He explains that this is because OEMs who build Windows machines in fact earn revenue from co-marketing, advertising cuts, and bundling antivirus and trial versions of software. These avenues just don't exist on the Linux desktop. So while Linux might not cost OEMs any money to download and install, Windows, despite its licensing cost, in fact brings in revenue for the OEMs.
Where's the marketing?
Both Meeks and Torvalds agree that even in cases when a Linux pre-installed desktop is available with a vendor, it'll miss the cursory glance of a buyer because of virtually non-existent marketing efforts. The average desktop user barely knows what Linux is, let alone the different distros beyond Ubuntu, Mint and Fedora. There has to be a concerted effort on the part of the desktop distros to make people aware of the alternatives at their disposal.
"It is, of course, possible for an excellent product to spread virally by word of mouth, clever volunteer marketing, and more - but it is hard work," writes Meeks. That said, word of mouth has got us as many users as it could, but to break through the mainstream and seize public consciousness, we need to exploit mainstream marketing avenues.
Meeks believes that "we may well already be more secure, more manageable, more easy to upgrade, and lower cost, but unless consumers know about us - with the best will in the world, they can't choose us."
And we aren't just talking about throwing money at flashy advertising on the high street. Marketing desktop Linux is also about creating awareness. One way of doing so is by changing the IT curriculum in schools, which in many countries is still biased towards specific applications. So, instead of producing discerning desktop users, the system keeps churning out ones who are unaware of the other alternatives.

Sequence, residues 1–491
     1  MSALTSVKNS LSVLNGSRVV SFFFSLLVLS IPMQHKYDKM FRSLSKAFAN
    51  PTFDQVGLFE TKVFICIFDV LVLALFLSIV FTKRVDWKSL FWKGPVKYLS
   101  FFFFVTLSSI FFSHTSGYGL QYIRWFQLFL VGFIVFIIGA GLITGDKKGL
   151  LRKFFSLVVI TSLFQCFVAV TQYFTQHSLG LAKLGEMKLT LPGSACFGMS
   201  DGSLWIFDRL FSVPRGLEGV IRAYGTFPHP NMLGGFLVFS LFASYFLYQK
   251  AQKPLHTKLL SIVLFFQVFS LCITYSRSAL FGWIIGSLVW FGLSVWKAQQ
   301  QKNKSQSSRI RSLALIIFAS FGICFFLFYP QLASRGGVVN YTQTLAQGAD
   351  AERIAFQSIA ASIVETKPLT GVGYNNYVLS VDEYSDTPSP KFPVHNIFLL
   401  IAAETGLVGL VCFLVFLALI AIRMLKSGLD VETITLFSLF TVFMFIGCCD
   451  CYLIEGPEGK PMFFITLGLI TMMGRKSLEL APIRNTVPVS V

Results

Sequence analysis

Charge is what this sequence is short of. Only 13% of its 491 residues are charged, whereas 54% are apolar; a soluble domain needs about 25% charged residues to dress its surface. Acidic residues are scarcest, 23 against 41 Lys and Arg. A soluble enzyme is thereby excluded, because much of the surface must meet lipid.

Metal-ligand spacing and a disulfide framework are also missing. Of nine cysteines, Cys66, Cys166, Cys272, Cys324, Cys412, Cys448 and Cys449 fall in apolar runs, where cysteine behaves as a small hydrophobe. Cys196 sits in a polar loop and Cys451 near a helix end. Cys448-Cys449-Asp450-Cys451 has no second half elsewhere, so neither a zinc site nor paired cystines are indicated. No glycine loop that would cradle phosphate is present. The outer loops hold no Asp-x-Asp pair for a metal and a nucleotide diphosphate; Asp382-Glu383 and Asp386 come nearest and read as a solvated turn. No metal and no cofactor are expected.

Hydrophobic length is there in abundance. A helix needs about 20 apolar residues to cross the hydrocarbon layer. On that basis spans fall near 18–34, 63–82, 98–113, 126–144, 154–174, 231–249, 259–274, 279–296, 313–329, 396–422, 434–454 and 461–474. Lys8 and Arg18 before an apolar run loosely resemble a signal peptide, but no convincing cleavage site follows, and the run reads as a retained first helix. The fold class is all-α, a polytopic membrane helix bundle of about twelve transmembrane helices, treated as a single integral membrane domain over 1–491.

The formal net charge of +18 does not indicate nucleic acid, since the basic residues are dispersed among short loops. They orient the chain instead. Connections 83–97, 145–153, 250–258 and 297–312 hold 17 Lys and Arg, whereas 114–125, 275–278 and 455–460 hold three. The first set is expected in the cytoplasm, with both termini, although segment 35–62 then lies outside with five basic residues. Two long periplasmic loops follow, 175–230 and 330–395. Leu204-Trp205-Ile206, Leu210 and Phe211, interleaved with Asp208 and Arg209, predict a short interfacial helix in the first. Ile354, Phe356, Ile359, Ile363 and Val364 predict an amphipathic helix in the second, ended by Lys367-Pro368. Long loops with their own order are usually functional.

Linux as a framework
Arguably the biggest reason for the laggard pace of the Linux desktop is that there is no 'one' Linux desktop. Beyond Windows and Mac OS X, there's Ubuntu Linux, Fedora Linux, Linux Mint and hundreds of other options. The equation is complicated further by the choice of desktops and other components that one can run on top of them.
Linux, it seems, has an identity crisis. For a long time, we have relished the diversity and choice available on the Linux desktop, and counted it as a strength of the platform. But it's important to realise that when it comes to mainstream adoption, the lack of a unified front is actually a hindrance. In fact, this is something Torvalds agrees with: "Well, yes, some things would be easier if there was no choice".
As he explains in that interview, Torvalds was never interested in using the Linux trademark to create a default Linux environment. Nor was the Linux Standard Base (LSB). But if you look at Android, it uses Linux as a framework, on top of which it assembles a standardised set of components that make up its releases.
The purists may cringe all they want, but Google's strategy seems to have worked on mobile gadgets, such as smartphones and tablets. Now it seems Canonical is trying to replicate this arrangement on the desktop and other devices with Ubuntu.
The distro has its own desktop (Unity), its own app store (Ubuntu Software Center), its own cloud-based storage and music service (Ubuntu One), and only supports its own Ubuntu-branded kernel. In fact, some of the features for its upcoming Ubuntu 13.04 release will be developed behind closed doors and later released as open source, much like Android releases.
Traditionalists and geeky Linux users have bickered about this, but Canonical's strategy seems to be working. They are the officially-supported distro by almost every third-party developer porting their wares to Linux, such as the recently-announced move by Valve Software, that is porting Steam to Linux.